|Create Date||May 13, 2019|
|Last Updated||May 13, 2019|
Publisher: OXFAM GB / UNHCR
Authors: St. John Day and Tim Forster
Large-scale and complex emergencies often occur in countries where government institutions have weak coping capacity. They may struggle to deliver essential services routinely, even in non-emergency situations. This has serious implications for the way in which emergency water, sanitation and hygiene services are managed long-term and in the transition from emergency to post-emergency situations.
UNHCR and Oxfam commissioned this study to better understand how emergency WASH services are delivered, and to identify how the provision of infrastructure can lead to sustainable service delivery and a more professional management mechanism. As many humanitarian crises are protracted in nature, emergency WASH services need to be sustained once humanitarian agencies depart. This report aims to review and identify alternative service delivery options, and to provide some pragmatic guidance that can be incorporated into emergency response programmes and tested, evaluated and built on in the future.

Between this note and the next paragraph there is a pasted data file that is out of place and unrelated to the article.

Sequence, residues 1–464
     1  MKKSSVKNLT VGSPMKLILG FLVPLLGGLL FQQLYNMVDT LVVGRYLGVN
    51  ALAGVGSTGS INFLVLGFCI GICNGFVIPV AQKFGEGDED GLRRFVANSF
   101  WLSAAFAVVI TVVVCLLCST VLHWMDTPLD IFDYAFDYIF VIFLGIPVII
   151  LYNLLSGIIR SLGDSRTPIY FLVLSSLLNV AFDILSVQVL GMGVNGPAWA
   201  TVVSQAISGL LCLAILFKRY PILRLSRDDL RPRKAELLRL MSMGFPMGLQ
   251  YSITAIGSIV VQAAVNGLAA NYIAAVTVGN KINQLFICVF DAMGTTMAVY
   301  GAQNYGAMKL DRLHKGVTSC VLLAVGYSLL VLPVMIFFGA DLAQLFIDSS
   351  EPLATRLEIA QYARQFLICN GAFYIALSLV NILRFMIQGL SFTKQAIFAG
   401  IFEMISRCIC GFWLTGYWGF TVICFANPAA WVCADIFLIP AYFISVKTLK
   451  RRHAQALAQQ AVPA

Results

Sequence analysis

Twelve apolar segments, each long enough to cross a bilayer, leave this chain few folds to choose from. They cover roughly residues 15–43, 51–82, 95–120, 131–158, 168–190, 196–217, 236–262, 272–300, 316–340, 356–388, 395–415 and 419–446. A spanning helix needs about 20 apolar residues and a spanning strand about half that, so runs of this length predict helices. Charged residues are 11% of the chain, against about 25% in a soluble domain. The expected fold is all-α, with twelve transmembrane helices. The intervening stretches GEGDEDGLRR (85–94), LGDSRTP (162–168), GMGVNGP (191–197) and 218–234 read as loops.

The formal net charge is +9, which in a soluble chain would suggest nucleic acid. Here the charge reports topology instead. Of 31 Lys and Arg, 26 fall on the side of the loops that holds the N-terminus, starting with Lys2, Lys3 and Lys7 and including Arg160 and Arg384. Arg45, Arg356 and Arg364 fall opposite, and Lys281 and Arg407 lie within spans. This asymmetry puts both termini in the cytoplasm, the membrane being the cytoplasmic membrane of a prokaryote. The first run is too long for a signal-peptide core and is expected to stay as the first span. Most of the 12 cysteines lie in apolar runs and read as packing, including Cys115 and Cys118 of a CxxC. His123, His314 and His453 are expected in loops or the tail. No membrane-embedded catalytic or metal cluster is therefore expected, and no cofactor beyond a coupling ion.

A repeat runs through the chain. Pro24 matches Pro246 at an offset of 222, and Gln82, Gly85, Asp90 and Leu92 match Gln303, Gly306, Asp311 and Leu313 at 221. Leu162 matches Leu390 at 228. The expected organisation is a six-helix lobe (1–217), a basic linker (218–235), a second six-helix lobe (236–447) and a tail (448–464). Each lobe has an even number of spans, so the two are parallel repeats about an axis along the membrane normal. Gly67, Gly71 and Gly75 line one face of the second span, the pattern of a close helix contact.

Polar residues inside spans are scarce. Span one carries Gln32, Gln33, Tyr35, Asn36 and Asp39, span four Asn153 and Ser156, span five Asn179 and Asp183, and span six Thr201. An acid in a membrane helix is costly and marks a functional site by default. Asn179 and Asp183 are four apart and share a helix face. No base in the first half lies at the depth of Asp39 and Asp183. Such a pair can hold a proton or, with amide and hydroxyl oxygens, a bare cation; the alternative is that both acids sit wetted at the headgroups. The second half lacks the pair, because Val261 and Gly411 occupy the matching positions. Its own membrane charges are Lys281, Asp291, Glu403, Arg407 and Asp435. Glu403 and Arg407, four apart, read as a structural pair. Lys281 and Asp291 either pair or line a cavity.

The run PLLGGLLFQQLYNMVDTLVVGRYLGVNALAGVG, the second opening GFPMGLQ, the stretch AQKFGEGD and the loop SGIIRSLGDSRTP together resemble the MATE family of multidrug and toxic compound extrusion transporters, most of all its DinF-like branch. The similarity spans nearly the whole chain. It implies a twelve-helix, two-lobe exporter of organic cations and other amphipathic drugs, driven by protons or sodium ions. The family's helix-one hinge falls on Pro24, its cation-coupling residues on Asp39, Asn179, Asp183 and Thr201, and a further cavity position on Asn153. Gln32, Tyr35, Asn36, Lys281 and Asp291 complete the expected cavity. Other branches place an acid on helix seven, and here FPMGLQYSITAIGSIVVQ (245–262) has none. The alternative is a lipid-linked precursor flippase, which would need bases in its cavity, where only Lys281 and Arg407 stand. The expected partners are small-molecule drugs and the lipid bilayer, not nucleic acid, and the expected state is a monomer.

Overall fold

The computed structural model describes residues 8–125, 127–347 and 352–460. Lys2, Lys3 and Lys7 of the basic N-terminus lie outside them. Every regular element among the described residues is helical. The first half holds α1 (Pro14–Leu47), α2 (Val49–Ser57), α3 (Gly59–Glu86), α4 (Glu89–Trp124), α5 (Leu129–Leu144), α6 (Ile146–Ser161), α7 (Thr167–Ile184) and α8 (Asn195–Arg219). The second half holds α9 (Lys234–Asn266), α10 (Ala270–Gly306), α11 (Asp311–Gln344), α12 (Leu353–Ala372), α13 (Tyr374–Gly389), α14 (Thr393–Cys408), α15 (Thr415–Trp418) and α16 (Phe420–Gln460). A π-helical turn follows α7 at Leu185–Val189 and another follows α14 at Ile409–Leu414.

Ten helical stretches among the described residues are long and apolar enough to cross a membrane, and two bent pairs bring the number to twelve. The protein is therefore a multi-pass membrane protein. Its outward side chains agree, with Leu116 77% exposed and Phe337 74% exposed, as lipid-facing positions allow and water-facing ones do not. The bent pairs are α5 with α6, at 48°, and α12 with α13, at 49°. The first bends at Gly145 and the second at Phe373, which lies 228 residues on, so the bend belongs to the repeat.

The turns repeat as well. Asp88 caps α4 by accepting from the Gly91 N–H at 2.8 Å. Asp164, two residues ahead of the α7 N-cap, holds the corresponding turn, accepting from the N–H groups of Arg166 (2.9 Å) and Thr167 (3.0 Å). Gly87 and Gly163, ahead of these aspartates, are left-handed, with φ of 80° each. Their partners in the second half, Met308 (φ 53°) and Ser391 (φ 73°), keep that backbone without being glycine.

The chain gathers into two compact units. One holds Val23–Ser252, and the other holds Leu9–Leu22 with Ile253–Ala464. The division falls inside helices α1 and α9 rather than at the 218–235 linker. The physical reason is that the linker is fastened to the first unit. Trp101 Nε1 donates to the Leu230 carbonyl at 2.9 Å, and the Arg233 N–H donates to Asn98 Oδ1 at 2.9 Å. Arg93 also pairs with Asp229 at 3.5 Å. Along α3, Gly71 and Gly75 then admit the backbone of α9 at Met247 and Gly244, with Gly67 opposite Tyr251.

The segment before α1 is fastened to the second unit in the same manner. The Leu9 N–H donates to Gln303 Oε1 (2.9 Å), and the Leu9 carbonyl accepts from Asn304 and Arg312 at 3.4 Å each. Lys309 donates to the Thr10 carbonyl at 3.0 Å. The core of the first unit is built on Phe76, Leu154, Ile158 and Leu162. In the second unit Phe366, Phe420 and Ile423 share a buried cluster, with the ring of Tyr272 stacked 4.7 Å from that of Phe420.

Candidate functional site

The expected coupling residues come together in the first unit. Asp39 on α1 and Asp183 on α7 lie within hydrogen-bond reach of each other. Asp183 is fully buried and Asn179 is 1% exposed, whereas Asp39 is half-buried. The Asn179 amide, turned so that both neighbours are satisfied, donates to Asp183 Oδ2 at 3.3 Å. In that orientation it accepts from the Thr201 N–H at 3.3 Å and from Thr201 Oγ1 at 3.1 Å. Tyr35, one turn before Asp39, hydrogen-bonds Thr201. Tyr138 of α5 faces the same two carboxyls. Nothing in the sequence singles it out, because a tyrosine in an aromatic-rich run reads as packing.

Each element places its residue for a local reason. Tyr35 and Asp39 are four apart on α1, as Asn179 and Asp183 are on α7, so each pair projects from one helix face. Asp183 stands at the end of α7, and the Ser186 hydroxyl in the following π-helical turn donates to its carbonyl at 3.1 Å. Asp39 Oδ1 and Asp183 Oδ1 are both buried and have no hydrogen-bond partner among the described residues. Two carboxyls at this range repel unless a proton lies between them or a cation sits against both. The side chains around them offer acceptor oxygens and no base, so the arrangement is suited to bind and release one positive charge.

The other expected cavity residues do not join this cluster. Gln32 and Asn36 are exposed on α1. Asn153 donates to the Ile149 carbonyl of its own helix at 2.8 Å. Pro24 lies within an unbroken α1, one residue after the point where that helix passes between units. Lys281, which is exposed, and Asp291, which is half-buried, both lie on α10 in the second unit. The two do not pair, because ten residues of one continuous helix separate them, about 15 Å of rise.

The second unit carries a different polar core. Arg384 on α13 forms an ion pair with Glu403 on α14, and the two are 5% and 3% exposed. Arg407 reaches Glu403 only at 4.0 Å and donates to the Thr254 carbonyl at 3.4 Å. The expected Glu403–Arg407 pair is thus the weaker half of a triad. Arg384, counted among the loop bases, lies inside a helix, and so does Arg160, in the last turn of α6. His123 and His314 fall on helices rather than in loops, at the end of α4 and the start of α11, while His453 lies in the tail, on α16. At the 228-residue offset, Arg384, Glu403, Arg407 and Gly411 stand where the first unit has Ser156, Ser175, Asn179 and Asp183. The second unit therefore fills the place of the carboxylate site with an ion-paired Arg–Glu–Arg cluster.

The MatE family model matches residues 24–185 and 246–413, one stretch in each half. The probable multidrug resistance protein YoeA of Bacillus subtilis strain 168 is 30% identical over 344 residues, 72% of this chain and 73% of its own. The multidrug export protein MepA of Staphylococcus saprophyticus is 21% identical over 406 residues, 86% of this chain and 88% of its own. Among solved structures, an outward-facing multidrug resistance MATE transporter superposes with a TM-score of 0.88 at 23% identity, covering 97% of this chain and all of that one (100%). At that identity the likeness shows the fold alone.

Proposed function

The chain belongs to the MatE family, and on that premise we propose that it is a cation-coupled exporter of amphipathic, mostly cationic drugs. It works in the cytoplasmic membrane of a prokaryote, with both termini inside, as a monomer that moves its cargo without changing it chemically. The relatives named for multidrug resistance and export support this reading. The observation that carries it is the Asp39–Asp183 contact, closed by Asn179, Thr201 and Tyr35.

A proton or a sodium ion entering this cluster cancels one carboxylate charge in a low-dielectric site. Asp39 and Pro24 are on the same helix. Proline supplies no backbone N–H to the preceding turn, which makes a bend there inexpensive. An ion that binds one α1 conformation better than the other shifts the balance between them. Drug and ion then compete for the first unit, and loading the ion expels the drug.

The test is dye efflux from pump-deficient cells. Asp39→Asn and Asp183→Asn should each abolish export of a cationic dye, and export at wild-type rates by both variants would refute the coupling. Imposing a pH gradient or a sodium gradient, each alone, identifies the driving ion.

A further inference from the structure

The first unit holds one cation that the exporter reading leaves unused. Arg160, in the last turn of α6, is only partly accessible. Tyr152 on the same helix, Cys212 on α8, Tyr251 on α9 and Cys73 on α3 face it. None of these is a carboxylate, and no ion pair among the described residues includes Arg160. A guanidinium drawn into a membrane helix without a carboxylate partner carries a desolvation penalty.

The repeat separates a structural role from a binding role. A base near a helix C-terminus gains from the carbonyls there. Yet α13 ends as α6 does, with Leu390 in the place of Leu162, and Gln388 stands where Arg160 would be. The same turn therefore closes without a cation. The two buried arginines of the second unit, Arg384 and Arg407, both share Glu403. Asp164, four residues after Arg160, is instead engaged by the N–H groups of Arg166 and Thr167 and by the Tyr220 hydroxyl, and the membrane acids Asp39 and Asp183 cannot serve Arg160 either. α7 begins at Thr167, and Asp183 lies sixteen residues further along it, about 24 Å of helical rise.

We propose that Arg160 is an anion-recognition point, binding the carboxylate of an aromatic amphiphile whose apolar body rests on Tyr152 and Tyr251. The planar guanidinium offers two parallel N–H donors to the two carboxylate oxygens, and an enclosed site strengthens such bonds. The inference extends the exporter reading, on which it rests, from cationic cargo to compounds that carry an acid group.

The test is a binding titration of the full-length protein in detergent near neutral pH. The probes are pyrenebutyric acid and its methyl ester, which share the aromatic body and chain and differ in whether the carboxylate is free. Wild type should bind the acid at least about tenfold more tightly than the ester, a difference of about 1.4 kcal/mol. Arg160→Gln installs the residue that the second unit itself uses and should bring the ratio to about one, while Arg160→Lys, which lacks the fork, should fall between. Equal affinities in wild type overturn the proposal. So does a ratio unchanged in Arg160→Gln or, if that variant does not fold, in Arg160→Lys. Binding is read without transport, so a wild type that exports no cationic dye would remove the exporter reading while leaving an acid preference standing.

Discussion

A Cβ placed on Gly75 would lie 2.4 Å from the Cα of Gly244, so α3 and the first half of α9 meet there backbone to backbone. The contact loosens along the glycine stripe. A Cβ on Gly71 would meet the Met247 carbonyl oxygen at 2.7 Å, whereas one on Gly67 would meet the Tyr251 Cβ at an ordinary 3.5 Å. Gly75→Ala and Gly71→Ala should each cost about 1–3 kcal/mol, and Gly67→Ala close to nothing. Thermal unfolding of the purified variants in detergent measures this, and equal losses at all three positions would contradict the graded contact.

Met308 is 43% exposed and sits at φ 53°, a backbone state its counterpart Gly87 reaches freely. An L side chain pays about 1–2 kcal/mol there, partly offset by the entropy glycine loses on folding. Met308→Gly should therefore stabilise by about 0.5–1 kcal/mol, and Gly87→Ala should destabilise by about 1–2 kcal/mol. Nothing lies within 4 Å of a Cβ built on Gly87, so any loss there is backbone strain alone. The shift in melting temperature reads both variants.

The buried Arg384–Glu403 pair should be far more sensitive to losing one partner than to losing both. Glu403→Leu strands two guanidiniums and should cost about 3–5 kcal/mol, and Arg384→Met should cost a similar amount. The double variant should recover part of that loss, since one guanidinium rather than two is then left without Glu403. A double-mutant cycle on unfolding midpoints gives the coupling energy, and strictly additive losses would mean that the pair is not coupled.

|Water, Sanitation and Hygiene in Post-Emergency Contexts (UNHCR, OXFAM GB) - PDF||Download|